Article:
In determining the cash deposit required to collateralize a stock borrow position, the general industry convention is for the lender to require a deposit equal to 102% of the prior day's settlement price, rounded up to the nearest whole dollar and then multiplied by the number of shares borrowed. As borrow rates are determined based upon the value of the loan collateral, this convention impacts the cost of maintaining the short position, with the impact being most significant in the case of low-priced and hard-to-borrow shares.
Account holders may view this adjusted price for a given transaction in the "Non-Direct Hard to Borrow Details" section of the daily account statement. An example of this collateral calculation and its impact upon borrow fees is provided below.
Sell short 100,000 shares of ABC at a price of $1.50
Short sale proceeds received = $150,000.00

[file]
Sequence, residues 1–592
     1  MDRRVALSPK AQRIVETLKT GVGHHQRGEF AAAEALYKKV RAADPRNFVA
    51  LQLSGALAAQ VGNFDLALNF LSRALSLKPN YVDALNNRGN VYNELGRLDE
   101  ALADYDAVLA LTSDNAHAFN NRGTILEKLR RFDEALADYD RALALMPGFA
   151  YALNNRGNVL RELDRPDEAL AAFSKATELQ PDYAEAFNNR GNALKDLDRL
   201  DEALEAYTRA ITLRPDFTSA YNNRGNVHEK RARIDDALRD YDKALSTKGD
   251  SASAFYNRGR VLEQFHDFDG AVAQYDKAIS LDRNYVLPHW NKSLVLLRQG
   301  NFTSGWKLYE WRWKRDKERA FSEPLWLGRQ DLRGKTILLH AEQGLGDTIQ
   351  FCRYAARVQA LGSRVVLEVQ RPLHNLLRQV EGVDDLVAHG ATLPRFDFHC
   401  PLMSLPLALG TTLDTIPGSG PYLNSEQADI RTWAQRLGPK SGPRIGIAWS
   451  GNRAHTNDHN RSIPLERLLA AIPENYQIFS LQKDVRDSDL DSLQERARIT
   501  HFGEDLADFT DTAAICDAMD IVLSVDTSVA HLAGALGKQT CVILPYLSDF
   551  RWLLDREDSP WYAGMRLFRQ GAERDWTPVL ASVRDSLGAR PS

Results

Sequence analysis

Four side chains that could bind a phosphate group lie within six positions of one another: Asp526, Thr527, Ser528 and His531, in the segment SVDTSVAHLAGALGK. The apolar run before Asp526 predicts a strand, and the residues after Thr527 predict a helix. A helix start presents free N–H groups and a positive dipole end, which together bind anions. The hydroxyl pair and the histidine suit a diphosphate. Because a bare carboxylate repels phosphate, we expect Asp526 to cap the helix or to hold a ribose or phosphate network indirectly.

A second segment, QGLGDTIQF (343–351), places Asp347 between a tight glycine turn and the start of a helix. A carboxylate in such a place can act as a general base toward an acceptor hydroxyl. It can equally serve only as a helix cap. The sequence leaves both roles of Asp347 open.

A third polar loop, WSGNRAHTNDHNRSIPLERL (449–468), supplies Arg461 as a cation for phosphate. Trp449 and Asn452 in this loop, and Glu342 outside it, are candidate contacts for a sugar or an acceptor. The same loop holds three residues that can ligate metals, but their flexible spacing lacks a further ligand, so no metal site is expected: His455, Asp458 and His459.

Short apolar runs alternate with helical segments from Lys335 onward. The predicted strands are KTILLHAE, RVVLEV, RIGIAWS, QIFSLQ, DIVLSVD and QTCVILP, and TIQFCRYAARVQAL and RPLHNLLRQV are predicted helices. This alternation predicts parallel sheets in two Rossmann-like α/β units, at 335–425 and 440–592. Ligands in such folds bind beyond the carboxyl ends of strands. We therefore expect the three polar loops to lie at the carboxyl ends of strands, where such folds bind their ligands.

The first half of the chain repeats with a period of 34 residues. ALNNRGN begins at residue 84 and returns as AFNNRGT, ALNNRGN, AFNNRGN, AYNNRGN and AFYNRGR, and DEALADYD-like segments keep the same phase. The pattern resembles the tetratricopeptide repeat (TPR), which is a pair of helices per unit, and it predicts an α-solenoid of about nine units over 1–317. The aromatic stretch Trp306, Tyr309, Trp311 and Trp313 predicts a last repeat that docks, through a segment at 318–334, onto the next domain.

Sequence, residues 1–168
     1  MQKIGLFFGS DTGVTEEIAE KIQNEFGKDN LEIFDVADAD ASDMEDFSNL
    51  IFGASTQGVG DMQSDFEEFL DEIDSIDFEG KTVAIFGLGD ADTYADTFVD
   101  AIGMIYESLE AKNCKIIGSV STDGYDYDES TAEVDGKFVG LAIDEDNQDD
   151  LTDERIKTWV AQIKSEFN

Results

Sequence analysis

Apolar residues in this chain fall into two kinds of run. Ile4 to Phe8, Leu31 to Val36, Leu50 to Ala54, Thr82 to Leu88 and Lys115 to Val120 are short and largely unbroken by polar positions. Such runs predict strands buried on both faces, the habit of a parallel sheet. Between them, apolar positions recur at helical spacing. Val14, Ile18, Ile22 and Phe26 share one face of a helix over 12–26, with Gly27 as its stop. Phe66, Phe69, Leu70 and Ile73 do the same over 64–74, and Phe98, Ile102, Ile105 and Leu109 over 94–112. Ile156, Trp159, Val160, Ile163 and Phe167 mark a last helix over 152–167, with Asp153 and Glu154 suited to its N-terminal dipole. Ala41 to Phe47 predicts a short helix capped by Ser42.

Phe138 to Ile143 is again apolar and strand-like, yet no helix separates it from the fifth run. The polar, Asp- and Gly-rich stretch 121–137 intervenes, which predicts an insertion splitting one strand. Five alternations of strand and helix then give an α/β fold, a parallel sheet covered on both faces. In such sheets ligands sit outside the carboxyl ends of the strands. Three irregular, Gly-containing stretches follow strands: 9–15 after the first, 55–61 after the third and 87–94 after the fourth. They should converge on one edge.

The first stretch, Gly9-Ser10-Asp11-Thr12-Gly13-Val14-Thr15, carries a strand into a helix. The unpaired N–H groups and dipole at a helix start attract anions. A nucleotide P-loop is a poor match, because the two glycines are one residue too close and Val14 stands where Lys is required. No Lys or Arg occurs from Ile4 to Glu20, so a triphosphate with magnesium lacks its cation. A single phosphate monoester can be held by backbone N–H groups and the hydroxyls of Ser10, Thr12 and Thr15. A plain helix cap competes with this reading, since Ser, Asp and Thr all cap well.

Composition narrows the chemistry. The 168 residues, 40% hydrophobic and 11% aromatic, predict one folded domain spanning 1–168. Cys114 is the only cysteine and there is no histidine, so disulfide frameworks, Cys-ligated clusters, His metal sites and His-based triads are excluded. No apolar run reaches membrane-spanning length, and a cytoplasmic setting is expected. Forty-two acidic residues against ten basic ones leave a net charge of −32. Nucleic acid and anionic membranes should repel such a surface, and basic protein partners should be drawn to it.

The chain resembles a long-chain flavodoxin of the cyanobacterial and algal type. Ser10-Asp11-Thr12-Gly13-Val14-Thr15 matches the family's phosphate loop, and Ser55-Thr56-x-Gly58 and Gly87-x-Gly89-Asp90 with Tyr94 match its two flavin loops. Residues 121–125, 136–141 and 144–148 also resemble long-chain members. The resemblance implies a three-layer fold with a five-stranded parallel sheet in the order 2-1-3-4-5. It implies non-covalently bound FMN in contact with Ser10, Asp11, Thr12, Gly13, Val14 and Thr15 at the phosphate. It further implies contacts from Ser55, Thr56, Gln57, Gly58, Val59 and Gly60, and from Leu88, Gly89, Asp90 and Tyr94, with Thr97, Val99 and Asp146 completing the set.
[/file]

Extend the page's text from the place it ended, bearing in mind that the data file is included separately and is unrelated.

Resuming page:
Assume the price of ABC falls to $0.25 and the stock has a borrow fee rate of 50%
Short stock collateral value calculation
Price = 0.25 x 102% = 0.255; round up to $1.00
Value = 100,000 shares x $1.00 = $100,000.00
Borrow fee = $100,000 x 50% / 360 days in year = $138.89 per day
Assuming the account holder's cash balance does not include proceeds from any other short sale transaction then this borrow fee will not be offset by any credit interest on the short sale proceeds as the balance does not exceed the minimum $100,000 Tier 1 threshold necessary to accrue interest.